It was difficult to control epidemics in the past because of lack of timely data, disparate datasets that you cannot collate, lack of experts with computational background who can help in epidemic planning, control and response. With big data analytics, the challenges and epidemics cans be monitored.

For example, genome sequencing gives out huge quantities of big data, and you can use powerful analytics that would help you watch how microbes mutate during an outbreak in real time. Nexstrain is a tool that enables the sharing and tracking of genome sequences as and when they happen to prevent and control outbreaks.

2. Develop Clinically Relevant and More Effective Diagnostic and Therapeutic Techniques

Organizations depend on the expertise of the healthcare analytics to collaborate the data collected from various sources to monitor the efficacy of their processes. This would help them understand how the patients have responded to their program and what their condition is presently.

Here are some areas where healthcare providers can enjoy the advantage of predictive analytics and healthcare informatics:

- Recognizing those patients that are likely to develop diseases or possess certain risks to their health.

- Develop specific wellness programs that can be catered to serve the interests of patients, so they can enjoy improved health.

- Identify inefficient programs and processes that do not generate desired results, so they can be removed completely. This ensures that only result-oriented programs are kept in the wellness program packages. The rest are all removed from it.

- In certain cases, the patient may have to be readmitted due to a relapse or adverse effect. The analytics will be able to identify what caused the relapse, and can make suggestions on how to prevent it.

- It is possible to optimize usage of resource, increase productivity, and throughput after analyzing.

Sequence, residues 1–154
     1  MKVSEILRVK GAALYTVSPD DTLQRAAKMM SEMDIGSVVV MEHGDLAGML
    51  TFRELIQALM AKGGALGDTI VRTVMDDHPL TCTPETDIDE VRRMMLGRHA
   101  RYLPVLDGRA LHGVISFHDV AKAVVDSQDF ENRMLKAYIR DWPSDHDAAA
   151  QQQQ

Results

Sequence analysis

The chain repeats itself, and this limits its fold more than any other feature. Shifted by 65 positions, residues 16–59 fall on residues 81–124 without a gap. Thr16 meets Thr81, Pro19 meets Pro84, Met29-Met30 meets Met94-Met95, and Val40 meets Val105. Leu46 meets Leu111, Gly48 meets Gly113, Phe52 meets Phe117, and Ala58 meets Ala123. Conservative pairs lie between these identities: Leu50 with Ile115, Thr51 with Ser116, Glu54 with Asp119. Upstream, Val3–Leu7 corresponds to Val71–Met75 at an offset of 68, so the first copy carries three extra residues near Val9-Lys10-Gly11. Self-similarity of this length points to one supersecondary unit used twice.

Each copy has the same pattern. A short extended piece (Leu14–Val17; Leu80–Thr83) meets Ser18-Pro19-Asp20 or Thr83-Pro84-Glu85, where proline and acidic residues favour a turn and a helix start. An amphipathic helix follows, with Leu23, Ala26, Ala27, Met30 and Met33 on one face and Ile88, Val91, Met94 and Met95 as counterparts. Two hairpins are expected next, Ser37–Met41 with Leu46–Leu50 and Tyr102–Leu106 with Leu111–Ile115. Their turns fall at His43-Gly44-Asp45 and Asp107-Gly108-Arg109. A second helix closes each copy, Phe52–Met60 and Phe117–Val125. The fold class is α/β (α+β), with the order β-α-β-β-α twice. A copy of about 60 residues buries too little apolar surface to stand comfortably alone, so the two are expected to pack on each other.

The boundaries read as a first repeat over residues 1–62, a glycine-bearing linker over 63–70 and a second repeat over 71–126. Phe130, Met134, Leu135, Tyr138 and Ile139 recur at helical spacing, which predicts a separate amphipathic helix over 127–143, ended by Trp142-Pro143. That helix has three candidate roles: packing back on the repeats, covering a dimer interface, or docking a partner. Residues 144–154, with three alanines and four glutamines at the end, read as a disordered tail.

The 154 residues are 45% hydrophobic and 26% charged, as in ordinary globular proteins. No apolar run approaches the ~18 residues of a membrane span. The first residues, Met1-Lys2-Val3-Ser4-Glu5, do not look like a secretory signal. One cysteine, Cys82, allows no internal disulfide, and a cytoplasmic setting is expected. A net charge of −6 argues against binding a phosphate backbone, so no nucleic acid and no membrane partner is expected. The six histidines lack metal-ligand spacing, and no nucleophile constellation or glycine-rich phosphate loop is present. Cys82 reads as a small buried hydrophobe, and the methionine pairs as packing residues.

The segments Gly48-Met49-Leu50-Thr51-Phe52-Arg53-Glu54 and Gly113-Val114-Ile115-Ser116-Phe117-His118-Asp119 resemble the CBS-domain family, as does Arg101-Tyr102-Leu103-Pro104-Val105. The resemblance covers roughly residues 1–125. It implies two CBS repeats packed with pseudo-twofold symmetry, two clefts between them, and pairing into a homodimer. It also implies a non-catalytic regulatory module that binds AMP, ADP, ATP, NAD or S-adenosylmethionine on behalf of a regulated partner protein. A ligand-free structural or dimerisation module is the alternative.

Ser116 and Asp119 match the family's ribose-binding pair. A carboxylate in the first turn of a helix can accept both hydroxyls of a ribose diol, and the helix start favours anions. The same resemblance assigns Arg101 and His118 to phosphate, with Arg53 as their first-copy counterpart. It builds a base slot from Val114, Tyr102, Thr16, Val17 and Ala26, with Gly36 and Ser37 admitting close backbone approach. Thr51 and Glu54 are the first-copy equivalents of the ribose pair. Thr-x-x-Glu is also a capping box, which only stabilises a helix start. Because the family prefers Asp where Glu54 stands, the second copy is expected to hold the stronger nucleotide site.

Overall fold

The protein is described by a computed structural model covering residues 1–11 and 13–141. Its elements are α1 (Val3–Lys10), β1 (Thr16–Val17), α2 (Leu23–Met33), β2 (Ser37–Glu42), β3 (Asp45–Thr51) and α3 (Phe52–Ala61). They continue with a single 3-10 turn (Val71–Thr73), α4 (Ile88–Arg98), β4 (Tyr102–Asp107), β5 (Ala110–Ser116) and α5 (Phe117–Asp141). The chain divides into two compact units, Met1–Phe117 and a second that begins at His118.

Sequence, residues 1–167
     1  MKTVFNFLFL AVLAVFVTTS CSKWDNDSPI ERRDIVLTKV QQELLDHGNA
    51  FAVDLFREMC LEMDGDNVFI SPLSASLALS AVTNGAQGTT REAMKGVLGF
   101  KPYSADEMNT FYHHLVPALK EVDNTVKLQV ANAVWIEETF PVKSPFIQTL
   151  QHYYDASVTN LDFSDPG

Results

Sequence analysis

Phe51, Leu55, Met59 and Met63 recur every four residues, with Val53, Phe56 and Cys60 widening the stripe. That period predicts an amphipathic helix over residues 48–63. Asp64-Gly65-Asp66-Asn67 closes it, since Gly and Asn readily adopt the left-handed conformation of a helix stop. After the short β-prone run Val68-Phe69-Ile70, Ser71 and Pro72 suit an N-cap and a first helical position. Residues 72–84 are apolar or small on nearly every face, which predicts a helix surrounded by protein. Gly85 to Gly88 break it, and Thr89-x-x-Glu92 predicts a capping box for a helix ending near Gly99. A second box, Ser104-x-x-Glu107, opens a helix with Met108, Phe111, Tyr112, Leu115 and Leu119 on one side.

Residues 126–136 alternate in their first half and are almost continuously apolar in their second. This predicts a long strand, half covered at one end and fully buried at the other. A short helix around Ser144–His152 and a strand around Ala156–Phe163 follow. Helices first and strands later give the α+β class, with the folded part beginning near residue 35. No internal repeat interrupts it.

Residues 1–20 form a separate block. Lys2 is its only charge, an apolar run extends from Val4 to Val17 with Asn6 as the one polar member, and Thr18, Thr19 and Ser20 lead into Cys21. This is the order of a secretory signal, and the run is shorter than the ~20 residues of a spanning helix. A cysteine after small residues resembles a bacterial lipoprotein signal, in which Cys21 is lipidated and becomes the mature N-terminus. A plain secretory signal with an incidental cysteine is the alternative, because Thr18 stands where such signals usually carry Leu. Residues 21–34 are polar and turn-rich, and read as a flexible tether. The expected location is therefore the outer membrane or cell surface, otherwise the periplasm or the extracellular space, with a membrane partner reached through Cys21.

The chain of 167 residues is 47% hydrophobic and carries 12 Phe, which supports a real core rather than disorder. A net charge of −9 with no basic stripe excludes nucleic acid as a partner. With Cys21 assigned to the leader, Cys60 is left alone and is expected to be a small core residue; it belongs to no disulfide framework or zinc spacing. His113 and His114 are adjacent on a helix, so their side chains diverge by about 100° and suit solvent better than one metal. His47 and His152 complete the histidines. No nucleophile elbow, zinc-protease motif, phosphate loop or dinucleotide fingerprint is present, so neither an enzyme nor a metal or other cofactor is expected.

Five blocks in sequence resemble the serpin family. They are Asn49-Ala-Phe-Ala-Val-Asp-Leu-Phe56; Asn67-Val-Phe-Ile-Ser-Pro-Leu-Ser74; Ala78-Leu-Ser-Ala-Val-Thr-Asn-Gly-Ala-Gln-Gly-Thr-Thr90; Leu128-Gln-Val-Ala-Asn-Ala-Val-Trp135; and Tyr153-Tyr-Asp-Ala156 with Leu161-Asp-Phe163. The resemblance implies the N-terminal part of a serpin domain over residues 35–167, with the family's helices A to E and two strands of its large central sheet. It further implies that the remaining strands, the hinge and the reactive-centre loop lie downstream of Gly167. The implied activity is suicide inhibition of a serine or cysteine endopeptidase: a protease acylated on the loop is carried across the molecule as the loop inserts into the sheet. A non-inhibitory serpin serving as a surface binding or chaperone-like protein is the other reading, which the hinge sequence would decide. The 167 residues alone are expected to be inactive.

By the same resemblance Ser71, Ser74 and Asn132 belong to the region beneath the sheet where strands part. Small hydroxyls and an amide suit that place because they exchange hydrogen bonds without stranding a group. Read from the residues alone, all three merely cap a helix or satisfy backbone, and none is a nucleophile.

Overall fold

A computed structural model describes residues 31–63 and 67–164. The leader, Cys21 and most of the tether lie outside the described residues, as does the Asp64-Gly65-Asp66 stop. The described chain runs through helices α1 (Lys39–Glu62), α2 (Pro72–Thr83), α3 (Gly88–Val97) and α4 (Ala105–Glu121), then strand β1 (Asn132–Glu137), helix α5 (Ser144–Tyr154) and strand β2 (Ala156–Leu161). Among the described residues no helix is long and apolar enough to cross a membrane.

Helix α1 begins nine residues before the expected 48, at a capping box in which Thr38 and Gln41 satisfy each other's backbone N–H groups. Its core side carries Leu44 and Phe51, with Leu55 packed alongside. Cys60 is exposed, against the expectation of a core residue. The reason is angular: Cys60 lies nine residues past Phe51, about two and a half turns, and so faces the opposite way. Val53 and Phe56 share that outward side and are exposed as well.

While predicting the outcomes for the patients, the analytics will also consider the latest medical research through all the peer-reviewed journals and databases. The predictions can come up with analysis that the human brain can never perceive or suspect. This is why the predictions range from how the patient responds to medications to hospital readmissions.

Artificial intelligence is also used to create a production profile (algorithms) collected from previous patients. A prediction model is created using this technique. This technique is then deployed to help new patients to get a new diagnosis.

Key takeaway 1: Analytics can drive improvement in patient outcomes while providing in-depth information on clinical performance

3. Development of a Faster, Leaner, and More Productive R&D Pipeline

It is not easy to get a drug out to the patient. There is a thorough and overwhelming process of creating the drug, taking it through elaborate clinical trials and then finally, approval from the FDA. Every pharmaceutical company and healthcare provider must strictly go through this process before administering medicines to the patients. Companies use predictive modelling, statistical tools and algorithms, and healthcare analytics to shorten the time a drug stays in the R&D pipeline. The advantages are stated below:

- Advanced analytics play a major role in developing a low-attrition, leaner, faster and highly productive R&D pipeline.

- Looking for methods that would accelerate the process of drug development to improve patient health. Try procedures that would prevent failures in the clinical trials and improve patient recruitment processes.

- Analyze the patient records to see if there were any drug interactions in the past when new drugs were introduced in the market, and to identify the effects of such drugs.

In order to have a very fast productive pipeline, the healthcare organizations must have sophisticated tools and techniques that will help in analyzing all the information that’s coming in.

The Value of Analytics

The healthcare industry is going through serious metamorphic changes as it moves from a volume-based business to a value-added business. Healthcare providers are under tremendous pressure to provide value-based care with better outcomes to the patients. This has in fact led to change in the cost structure, increased life expectancy and better control over chronic illnesses and infectious diseases.